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A child stands near a large screen showing photos of Chinese President Xi Jinping near a carpark in Kashgar in western China's Xinjiang region.

Ng Han Guan/The Associated Press

Lawrence Herman is a former Canadian diplomat, counsel at Herman & Associates and a senior fellow of the C.D. Howe Institute in Toronto.

A lot of attention at the Carbis Bay G7 summit was focused on promoting free and fair trade in the postpandemic world. While China wasn’t mentioned by name in the final communiqué, the G7 leaders clearly had China in mind. There’s a reference to getting countries to play by World Trade Organization rules, about greater regulations on state-owned enterprises, about controlling trade-distorting subsidies, about forced labour in supply chains – all of which have a clear, albeit unstated, China focus.

All of this attention at the summit, and indeed much of the public discussion on world trade, involves governmental action, meaning treaties and trade agreements of one sort or another, whether at the WTO or at the regional level, frequently encapsulated under the rubric of global trade governance.

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What is often overlooked in public discussion is the role of the private sector in setting standards and making rules, a huge range of activities outside international agreements and national laws or regulations, yet having a profound impact on international business and trade relations generally. This phenomenon has sometimes been described as “private global business regulation.”

Take the internet. It isn’t widely appreciated that almost all of the protocols and technical standards involving cybertechnology have been developed privately, outside of any kind of intergovernmental regulation. The Internet Engineering Task Force (IETF), a private-sector standards organization, develops most internet standards, yet it has no formal membership and its participants and managers are volunteers. This is a prime case of private-sector rule-making that has had one of the greatest global impacts.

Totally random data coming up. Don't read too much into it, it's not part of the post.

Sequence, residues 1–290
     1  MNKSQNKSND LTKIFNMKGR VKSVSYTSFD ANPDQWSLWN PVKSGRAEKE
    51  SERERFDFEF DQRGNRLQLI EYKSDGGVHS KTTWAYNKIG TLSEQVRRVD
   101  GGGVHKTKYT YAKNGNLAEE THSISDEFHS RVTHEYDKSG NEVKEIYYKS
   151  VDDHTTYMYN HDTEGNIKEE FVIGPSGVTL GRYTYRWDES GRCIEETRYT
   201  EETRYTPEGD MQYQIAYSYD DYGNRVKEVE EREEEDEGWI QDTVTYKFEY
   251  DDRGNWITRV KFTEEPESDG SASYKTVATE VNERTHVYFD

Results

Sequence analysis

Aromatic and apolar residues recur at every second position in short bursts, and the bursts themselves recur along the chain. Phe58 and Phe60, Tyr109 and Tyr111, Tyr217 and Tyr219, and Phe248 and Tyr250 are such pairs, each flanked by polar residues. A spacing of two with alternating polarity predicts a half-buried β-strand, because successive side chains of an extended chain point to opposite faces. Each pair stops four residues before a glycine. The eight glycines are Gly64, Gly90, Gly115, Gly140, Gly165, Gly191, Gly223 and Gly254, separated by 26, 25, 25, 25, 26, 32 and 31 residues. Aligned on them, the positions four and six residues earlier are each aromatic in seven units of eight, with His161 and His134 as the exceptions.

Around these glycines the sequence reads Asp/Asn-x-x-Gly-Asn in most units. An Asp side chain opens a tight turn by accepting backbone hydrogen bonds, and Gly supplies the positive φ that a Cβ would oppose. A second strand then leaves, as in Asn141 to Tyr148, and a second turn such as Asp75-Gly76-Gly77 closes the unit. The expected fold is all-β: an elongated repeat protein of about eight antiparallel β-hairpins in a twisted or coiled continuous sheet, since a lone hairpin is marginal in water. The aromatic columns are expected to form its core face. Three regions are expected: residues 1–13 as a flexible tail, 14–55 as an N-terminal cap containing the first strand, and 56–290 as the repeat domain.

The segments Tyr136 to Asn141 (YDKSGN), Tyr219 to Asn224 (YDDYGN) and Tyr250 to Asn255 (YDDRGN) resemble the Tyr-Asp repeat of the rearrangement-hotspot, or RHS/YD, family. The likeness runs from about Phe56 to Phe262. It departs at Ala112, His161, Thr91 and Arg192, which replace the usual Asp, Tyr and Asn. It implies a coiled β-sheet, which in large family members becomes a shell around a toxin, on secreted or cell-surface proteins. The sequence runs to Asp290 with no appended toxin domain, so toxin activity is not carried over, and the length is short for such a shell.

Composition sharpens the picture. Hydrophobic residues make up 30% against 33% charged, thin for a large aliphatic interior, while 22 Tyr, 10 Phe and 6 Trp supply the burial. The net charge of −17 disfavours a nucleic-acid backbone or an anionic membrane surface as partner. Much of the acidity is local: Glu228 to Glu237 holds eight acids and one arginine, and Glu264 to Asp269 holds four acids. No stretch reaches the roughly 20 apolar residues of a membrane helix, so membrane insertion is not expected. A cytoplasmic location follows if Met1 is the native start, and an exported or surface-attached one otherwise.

Another example, though in a different area, is the advent of privately driven environmental, social and governance (ESG) risk assessments in investment decision-making. ESG standards have been developed independent of trade agreements or national legal requirements. Today, sustainable business practices under ESG norms are widely applied, for example, in the extractive (mining) sector as well as in a range of other sectors of global dimension.

Private guidelines and standards for responsible business conduct (RBC) are another example. Look at RBC guidelines related to human rights in the international fashion industry, applied independent of treaties or national laws. Thus, while Western governments have taken measures in various ways to sanction the human-rights abuses in Xinjiang, China, companies have responded by applying voluntary norms and standards in their sourcing activities, illustrative of a kind of privately co-ordinated non-governmental global action.